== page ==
The Pee-wee Herman Show, presented by Bud Light, Goldenvoice and Scott Sanders Productions, opens Jan. 12;Â plays Tues.-Fri., 8 pm; Sat., 4:30 & 8 pm; Sun., 4 pm; through Feb. 7. Tickets: $29.50-$125. Club Nokia @ LA Live, 800 W. Olympic Blvd., Los Angeles. 800.745.3000 or ticketmaster.com. For more information, peewee.com
The Pee-wee Herman Show first premiered at the Groundlings back in 1980 and then moved on to the Roxy. Since then, Pee-Wee Herman (aka Paul Reubens) has become a cultural icon to adults and kids alike thanks to his hugely popular children’s show Pee-wee’s Playhouse which ran on CBS from 1986 to 1991.
Nearly 20 years later, Reubens is bringing back Pee-wee and the Playhouse gang to Club Nokia @ LA Live. Director Alex Timbers says, “It’s a 90-minute theatrical extravaganza.” Modeled after the TV show, it incorporates the plot-line from the original show:Â Pee-wee’s quest to fulfill his lifelong dream to fly. “There’s going to be a lot of tricks and surprises…it’s a real feast for the eyes,” reveals Timbers. “It’s a hilarious take on a part of each of us. I really think young people will enjoy it as well as older [people] and those who saw the TV show.”
Timbers relates about working with Reubens on the stage show. “Pee-wee is really OK with departing from the Playhouse. But he was clear on the mythology that’s important. I felt my part was to push in the direction of trying new things.” Such as, “How do we take the iconic elements and put them all together and make them more theatrical?”
Did Timbers watch the show? “Yeah, absolutely. I love Pterri the Pterodactyl so I’m always trying to push for more Pterri,” he laughs.
The puppets were a major part of the show but on TV, they don’t have to work in a synchronous manner. They were able to do cut-a-ways. But, obviously, the puppets will need to be fully functional on stage. No TV magic, thus theatre magic will have to be implemented. “It’s been interesting to re-conceive the puppets and finding puppeteers to make it work,” admits Timbers.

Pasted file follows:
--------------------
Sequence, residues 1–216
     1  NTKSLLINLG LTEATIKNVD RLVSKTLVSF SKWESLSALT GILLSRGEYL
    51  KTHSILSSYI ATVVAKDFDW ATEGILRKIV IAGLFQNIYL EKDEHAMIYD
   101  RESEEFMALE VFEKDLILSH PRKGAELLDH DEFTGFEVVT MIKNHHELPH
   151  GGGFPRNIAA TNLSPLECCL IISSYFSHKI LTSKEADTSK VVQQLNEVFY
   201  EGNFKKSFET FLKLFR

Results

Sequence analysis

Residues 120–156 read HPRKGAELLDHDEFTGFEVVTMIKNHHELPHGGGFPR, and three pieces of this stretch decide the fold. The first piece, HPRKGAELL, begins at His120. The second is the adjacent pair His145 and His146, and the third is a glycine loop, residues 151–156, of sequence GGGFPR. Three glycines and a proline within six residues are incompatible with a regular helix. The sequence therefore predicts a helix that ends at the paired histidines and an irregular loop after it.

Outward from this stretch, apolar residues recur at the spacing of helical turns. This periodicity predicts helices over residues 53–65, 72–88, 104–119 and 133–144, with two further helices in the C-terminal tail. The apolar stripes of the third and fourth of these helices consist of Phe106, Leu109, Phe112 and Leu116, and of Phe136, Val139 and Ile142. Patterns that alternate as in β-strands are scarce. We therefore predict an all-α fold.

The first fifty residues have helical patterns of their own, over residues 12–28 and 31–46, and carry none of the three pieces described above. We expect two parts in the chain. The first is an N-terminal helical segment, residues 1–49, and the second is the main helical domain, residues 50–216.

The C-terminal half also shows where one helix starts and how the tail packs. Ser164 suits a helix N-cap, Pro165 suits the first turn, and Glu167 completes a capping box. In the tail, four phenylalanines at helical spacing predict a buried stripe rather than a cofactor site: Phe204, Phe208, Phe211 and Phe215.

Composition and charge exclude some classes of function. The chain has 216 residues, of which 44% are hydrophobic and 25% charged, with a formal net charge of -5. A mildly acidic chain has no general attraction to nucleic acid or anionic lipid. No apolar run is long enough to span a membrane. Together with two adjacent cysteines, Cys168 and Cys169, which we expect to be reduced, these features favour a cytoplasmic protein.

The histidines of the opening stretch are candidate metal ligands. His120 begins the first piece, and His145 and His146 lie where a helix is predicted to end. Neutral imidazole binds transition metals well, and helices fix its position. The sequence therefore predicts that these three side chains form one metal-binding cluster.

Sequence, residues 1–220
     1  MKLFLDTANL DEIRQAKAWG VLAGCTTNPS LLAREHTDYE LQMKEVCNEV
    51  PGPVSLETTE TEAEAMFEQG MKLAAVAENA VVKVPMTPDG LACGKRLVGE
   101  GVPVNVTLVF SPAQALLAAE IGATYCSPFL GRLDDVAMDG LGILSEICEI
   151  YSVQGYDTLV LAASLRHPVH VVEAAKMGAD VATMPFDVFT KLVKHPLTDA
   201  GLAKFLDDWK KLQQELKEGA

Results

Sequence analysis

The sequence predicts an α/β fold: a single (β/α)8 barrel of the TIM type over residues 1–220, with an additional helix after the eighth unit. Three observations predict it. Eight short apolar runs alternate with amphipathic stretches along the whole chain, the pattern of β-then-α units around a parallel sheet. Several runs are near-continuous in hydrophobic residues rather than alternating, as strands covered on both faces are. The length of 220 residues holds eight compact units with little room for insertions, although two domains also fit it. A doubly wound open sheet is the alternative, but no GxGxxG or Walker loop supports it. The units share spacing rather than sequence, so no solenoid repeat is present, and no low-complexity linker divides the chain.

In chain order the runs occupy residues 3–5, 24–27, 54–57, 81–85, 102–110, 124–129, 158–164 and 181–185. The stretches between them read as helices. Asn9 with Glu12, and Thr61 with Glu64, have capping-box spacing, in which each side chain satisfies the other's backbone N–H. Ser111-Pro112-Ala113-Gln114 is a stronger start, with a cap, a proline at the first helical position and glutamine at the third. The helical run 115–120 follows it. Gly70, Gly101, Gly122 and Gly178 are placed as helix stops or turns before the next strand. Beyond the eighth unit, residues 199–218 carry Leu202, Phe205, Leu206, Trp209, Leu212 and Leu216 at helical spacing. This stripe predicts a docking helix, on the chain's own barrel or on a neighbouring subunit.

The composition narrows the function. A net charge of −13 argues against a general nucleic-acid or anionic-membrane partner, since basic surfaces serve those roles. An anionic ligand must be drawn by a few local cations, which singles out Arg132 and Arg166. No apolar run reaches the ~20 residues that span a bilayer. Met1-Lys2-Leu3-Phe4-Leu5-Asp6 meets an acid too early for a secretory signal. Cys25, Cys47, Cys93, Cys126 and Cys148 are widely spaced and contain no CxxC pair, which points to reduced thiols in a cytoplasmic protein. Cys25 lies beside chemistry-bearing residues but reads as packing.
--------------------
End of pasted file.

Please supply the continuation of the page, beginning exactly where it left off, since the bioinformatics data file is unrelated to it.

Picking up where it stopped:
Is this Pee-wee back in the ’80s or now? “[The show] doesn’t really exist in any time. We don’t acknowledge it but there are many updated pop culture references,” he tells.
This stage version began with Reubens wanting to make a film. “I wanted to make a movie based on Pee-wee’s Playhouse – it’s a giant, epic adventure but no one wanted to make it,” Reubens says candidly. Not letting that affect him he’s written another script for the stage. Reubens started out on stage so he thought, “Why not?” After this he hopes to make the movie version.
Pee-wee’s Playhouse was truly an original show while at the same time it had a pastiche to the classic kids’ shows of the 1950s. And there’s nothing on TV today that quite parallels it.
The stage production was originally set to open in November at The Music Box Theatre but an overwhelming demand for tickets forced a venue change to the much larger Club Nokia. “I’m thrilled by the immediate fan reaction,” says a humble Reubens. He hopes fans will take delight in the stage version. “It’s not that different from the TV show.”
Reubens agrees with Timbers: The puppets are the most challenging aspect. “Working with puppets in real time is very complicated but if everything works it will be dazzling technically.”
When writing the script, Reubens didn’t think about how it would all work out. “My job is just to write it; it’s someone else’s job to figure out how to make it happen,” he laughs. “It’s ambitious what we’re doing. I hope it works.”
Back in 1980, “the original show was done on a shoe-string budget. I borrowed $5,000 from my parents,” he laughs. Now they’re doing a Broadway-scale production. “Part of the thrill for me is being surrounded by all this talent.”
Many of the original cast members are rejoining the show. Working with them again “has been completely natural” but at the same time, “it’s weird.” He elaborates, “Some of the dialogue has been around for awhile.” So saying it again after all these years is a bit like déjÃ -vu.
Right now, Reubens isn’t feeling any pressure. “I’m just dumbstruck. I know the show is fantastic; I know people are going to love it.”
Expect to see some of the old favorite characters including Miss Yvonne, Jambi the Genie, the talking chair Chairry, Pterri the Pterodactyl and Cowboy Curtis. In addition there will be new characters: A handyman who wires the playhouse to the Internet, ShamWow, PayPal and a Bear.
Reubens says, “There’s a lot of new elements yet it feels familiar at the same time.” Will there be a different secret word every night? Without missing a beat, “Come see it more than once!” laughs Reubens in typical Pee-wee fashion. “It’s going to be really, really good! I swear!”
Feature image and story image by Chris McPherson; headshot is by Greg Gorman.
Article by Ashley Steed